Some earlier studies applied ICA to collections of ERP
data averages (Makeig et al., 1997; Makeig et al.,
1999). However, this approach requires care and
caution in interpretation of results. To separate two or
more processes, ICA requires that their independence
be expressed in the data. A small set of data averages
may not include enough conditions in the training set to
demonstrate the independence of the underlying
processes. If, for example, several processes are
partially phase reset in similar ways, the resulting
event-locked response averages may not express their
underlying functional and temporal independence. Data
averages, by their nature, contain sums of activities
Journal of Neuroscience Methods 134 (2004), 9-21
Delorme and Makeig 6
FIG. 4. Visualizing independent components. (A) Topographical 2-D scalp maps of the nine independent components (ICs) accounting for the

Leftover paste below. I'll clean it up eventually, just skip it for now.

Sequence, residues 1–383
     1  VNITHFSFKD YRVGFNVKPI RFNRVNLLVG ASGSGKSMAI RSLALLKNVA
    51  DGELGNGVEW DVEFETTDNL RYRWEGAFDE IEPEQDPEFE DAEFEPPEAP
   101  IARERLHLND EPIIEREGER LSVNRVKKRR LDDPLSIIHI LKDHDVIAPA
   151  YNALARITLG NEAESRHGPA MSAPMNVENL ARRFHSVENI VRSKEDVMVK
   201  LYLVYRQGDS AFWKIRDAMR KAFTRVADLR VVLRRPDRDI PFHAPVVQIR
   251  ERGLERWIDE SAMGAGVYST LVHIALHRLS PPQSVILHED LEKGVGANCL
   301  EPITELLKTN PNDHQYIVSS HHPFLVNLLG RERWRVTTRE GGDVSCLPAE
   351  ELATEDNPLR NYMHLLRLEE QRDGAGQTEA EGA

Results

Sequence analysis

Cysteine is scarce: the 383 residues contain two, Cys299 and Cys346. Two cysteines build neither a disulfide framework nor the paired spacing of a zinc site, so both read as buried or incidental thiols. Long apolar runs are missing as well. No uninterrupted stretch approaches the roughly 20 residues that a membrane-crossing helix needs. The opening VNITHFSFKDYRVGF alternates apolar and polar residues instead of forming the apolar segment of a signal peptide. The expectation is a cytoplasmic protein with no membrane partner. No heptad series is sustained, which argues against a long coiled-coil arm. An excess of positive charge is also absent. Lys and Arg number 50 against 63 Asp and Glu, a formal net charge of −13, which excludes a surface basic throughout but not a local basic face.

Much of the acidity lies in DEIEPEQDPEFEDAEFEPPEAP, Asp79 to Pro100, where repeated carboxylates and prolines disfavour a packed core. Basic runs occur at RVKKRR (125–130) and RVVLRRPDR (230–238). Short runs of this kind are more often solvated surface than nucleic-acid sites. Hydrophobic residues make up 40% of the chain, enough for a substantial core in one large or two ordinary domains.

most EEG variance of the 32 components returned by the ICA algorithm for the sample dataset. The component scalp map values returned by
ICA are proportional to µV (scaling is distributed between the component maps and activity time courses). From its far-frontal scalp map, IC3
appears to account for eye movement artifacts. (B) The ‘Component Properties’ display for IC3 verifies that it accounts for eye artifacts since its
activity spectrum is smoothly decreasing (bottom panel), and prominent eye movement artifacts appear in its activity ERP image (top right
panel). By removing this and other eye movement components (not shown) from the dataset, the user can remove most evidence of eye
movements from the data without removing other activity of interest (Jung et al., 2000).
occurring at similar latencies relative to some class of
events. When two or more sources invariably
contribute to a set of response averages at the same
latency, ICA, trained on these averages, may assign
their summed activities to a single component. Trained
on the unaveraged data however, ICA may use their
relative variability in single trials to separate them. A
second problem with applying ICA to data averages is
that the averaging process nearly cancels out the
activity of many of the EEG sources. Thus applying
ICA to the unaveraged EEG data also allows ICA to